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Mueller’s Russia investigation: What to know

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The investigation into Russian involvement in the 2016 presidential election continues – with Special Counsel Robert Mueller at its helm.

Mueller, 73, took over the federal government’s probe into alleged collusion between President Trump’s campaign and Russian officials in May 2017. Already, his investigation has led to charges for four U.S. citizens and indictments against more than a dozen Russian nationals.

Trump has in the past expressed willingness to testify under oath as part of Mueller’s investigations and has repeatedly denied any “collusion” with Russians.

Why is Mueller overseeing the Russia investigation?

FILE - In this June 21, 2017, file photo, Special Counsel Robert Mueller departs after a closed-door meeting with members of the Senate Judiciary Committee about Russian meddling in the election at the Capitol in Washington. (AP Photo/J. Scott Applewhite, File)

Special Counsel Robert Mueller departs after a closed-door meeting with members of the Senate Judiciary Committee about Russian meddling in the election.

 (AP Photo/J. Scott Applewhite)

The Department of Justice announced the appointment of Mueller to oversee the federal investigation into Russia’s alleged meddling in the 2016 election in May 2017.

The appointment came after a growing cry – mostly from Democrats – for someone outside the Justice Department to handle the probe. Attorney General Jeff Sessions had already recused himself from the investigation. 

Mueller led the FBI through the Sept. 11, 2001, terrorist attacks and served under presidential administrations of both parties.

For the inquiry into the 2016 election, Mueller has the authority to prosecute any crimes uncovered during this investigation, and he was given wide authority to investigate whether Trump or his associates colluded with the Kremlin to win the White House.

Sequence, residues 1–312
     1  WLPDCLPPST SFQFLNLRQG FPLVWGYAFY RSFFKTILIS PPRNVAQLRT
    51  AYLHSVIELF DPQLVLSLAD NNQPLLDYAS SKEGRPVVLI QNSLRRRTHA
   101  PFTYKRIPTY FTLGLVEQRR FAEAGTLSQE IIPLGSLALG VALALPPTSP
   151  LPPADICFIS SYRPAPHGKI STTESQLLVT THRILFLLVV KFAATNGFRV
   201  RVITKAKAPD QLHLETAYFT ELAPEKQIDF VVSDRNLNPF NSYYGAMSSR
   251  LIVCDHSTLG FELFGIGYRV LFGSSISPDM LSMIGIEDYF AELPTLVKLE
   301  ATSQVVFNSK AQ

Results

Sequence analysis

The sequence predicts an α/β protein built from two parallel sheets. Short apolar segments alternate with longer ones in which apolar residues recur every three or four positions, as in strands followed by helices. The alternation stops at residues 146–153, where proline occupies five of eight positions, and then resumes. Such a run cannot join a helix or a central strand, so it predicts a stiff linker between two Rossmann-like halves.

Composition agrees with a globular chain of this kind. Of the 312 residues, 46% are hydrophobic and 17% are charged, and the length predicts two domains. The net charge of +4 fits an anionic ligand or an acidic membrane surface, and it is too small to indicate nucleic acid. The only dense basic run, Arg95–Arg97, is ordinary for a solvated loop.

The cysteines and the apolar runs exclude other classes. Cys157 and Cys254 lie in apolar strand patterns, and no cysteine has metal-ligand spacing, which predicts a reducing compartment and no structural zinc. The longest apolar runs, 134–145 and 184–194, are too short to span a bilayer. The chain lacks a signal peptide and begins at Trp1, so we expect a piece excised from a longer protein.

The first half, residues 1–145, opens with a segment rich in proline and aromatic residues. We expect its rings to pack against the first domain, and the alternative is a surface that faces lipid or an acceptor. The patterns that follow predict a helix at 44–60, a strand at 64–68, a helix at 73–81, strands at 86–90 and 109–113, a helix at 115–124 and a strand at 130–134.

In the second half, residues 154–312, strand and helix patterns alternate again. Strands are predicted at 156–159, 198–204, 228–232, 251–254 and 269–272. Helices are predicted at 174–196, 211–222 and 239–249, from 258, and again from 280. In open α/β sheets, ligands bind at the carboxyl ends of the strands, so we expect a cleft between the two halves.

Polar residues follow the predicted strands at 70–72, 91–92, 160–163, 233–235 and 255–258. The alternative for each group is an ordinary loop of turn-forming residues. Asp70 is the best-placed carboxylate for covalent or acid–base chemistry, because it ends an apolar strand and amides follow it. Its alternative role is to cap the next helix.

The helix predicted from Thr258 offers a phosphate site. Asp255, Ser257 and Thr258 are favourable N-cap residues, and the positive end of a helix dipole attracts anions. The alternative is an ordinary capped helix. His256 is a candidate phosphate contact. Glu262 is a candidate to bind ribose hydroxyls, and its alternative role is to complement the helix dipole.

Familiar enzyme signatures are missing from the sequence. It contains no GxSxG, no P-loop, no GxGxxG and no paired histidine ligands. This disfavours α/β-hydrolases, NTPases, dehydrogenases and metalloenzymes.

Has anyone been charged?

Former Trump campaign manager Paul Manafort, one focus of special counsel Robert Mueller's investigation into alleged Russian meddling in the 2016 U.S. presidential election, hides behind his car visor as he leaves his home in Alexandria, Virginia, U.S. October 30, 2017. REUTERS/Jonathan Ernst - RC1F89D175A0

Former Trump campaign chairman Paul Manafort, one focus of Special Counsel Robert Mueller’s investigation into alleged Russian meddling in the 2016 presidential election, hides behind a car visor as he leaves his home in Alexandria, Va., after being asked to surrender to federal authorities.

 (Reuters/Jonathan Ernst)

In his leading role, Mueller took over an ongoing investigation into Paul Manafort’s financial dealings in Ukraine.

Manafort, Trump’s former campaign chairman, and Richard Gates were indicted on Oct. 27 on multiple counts, including: conspiracy against the U.S., conspiracy to launder money, false statements and failure to file reports of foreign bank and financial accounts. Manafort and Gates pleaded not guilty to the initial charges.

Nearly four months later, on Feb. 22, the pair were hit with additional tax evasion and bank fraud charges. The additional charges involve much of the same conduct Manafort and Gates were initially charged with, but they increase the amount of money Manafort is accused of laundering through offshore accounts to $30 million.

Michael Flynn, the administration’s short-lived national security adviser, was charged in December with lying to the FBI about certain conversations he had with a Russian ambassador. He pleaded guilty. 

Additionally, George Papadopoulos pleaded guilty in 2017 to one count of making false statements to investigating FBI agents, according to court documents. Papadopoulos was a foreign policy adviser for Trump’s campaign.